Labour a long-shot for September 20.
With just 11 sleeps to election day and as the campaign trail hits the home straight, we seem to be back where we started. Despite all the political histrionics, National remains in pole position with Labour seemingly marooned on 25% support. The maths would suggest Team Cunliffe needs to hitting 30% if there is to be any sniff of a 6th Labour-led government, taking shape. Last week’s The Press Leaders Debate was a gripping spectacle to observe, once again delivering what could well be the killer campaign frisson, with David Cunliffe’s dismal inability to blow-torch John Key’s strategic query about whether family homes in trusts will attract capital gains tax. Cunliffe was not only flummoxed, but woefully outfoxed. At the half-time break, his platoon of crest-fallen advisors hastily tromped off back-stage, more ashen-faced than Mt. Tavurvur. It was a catastrophe for the Labour leader, who, ironically, throughout much of the debate, was the more composed and commanding performer. ( A catastrophe because it became the dominating narrative of the campaign for the week that followed, as confusion and uncertainty about the tax policy festered.) Bungles can have brutal consequences, and this gaffe by the leader matched his recent “I’m sorry for being a man” clanger. The Press debate also heralded what continues to be National’s central attack catchphrase, “ Labour’s Five New Taxes.” An attack line designed to scare the bejesus out of middle New Zealand, the critical constituency of swing voters that decide elections. Amongst my broad church of mates are many disaffected voters, some who feel estranged from Labour. A party they no longer perceive as sufficiently centrist, moderate and broad-based, but one that prefers to pander to liberal nostrums, practises gender quotas and promulgates state dependency. Meanwhile, I have mates who are equally disenchanted with National , fed up with the worst excesses of Tory arrogance and born-to-rule hubris, all-too-often exhibited by Judith Collins and Stephen Joyce. They’re shopping around for a party that can put a leash on a third term National-led government. Which is where New Zealand First and the Conservatives are sitting pretty, scooping up the votes of middle-of-the-road swingers, while Labour treads water. I’m picking we’ll see both New Zealand First and the Conservatives cross the 5% threshold on September 20. Is John Key going to be taken to task for shamelessly changing his tune about working with Winston? An act of political expedience at its most majestic. Finally, the Prime Minister repeatedly bangs on about “New Zealand being on the cusp of an exciting future” and a “really special time.” It sounds like SKY’s “Happy Place.” John Key needs to paint the details into the picture. Spell it out. Show us the vision.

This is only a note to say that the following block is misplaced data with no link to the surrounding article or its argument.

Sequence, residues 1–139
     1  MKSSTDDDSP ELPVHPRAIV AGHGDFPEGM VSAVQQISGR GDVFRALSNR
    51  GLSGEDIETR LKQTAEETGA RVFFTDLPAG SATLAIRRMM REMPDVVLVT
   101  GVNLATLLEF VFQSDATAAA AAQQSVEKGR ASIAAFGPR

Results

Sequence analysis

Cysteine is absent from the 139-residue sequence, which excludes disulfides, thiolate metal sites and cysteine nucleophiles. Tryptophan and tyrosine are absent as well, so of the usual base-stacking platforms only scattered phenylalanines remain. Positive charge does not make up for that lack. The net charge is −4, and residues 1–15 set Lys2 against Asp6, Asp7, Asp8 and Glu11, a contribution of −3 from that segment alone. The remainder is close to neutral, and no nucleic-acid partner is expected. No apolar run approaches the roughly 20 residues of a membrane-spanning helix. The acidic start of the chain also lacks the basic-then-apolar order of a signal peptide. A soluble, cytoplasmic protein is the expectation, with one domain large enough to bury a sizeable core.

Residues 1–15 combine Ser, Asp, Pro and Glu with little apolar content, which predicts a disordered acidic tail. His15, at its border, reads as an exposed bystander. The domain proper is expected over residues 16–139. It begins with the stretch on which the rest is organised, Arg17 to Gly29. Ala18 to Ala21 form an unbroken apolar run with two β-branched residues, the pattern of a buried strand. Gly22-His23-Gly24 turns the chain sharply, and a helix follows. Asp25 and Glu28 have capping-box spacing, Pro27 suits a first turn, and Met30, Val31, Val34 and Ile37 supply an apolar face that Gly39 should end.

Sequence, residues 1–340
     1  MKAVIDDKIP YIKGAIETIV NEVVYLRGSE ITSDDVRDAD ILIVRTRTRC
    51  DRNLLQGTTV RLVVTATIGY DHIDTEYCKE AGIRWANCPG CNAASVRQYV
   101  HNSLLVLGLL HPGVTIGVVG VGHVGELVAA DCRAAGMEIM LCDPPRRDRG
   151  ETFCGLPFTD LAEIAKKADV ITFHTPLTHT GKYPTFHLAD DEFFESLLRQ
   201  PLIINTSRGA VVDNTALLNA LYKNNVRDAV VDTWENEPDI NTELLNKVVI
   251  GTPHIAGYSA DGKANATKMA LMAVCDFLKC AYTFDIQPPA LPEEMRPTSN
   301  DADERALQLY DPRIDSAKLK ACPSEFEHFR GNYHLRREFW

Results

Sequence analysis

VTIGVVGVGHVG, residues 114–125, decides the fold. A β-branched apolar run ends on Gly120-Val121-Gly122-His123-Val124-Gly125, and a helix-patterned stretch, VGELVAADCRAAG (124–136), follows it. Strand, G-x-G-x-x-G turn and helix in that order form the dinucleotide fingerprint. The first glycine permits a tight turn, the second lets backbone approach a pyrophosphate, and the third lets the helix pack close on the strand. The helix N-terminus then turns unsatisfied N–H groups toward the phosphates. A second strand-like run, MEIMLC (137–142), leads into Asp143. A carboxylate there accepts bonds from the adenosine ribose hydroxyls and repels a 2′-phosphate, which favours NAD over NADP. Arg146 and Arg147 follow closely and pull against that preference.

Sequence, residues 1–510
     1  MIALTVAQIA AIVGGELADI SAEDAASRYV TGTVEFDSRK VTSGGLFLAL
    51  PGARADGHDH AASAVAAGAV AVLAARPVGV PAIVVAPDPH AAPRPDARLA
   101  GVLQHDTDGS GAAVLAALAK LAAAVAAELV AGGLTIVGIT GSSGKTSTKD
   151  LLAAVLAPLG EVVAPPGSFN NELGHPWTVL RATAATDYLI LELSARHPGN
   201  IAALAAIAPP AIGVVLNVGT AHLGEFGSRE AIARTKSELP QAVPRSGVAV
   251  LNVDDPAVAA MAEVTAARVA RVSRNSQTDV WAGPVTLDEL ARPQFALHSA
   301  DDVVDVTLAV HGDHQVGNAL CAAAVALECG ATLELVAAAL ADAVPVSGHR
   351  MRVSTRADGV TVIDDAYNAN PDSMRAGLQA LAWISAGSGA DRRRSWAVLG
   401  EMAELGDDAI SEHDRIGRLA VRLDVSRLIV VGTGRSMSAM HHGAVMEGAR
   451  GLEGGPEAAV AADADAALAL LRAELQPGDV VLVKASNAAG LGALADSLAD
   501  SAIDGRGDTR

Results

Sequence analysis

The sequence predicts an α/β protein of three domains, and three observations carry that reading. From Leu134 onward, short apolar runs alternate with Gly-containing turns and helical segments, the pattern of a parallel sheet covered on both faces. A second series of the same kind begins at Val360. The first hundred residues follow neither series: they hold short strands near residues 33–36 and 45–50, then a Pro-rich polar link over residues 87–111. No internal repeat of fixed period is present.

Mike’s weekly current affairs column, as published in The Press. September 9.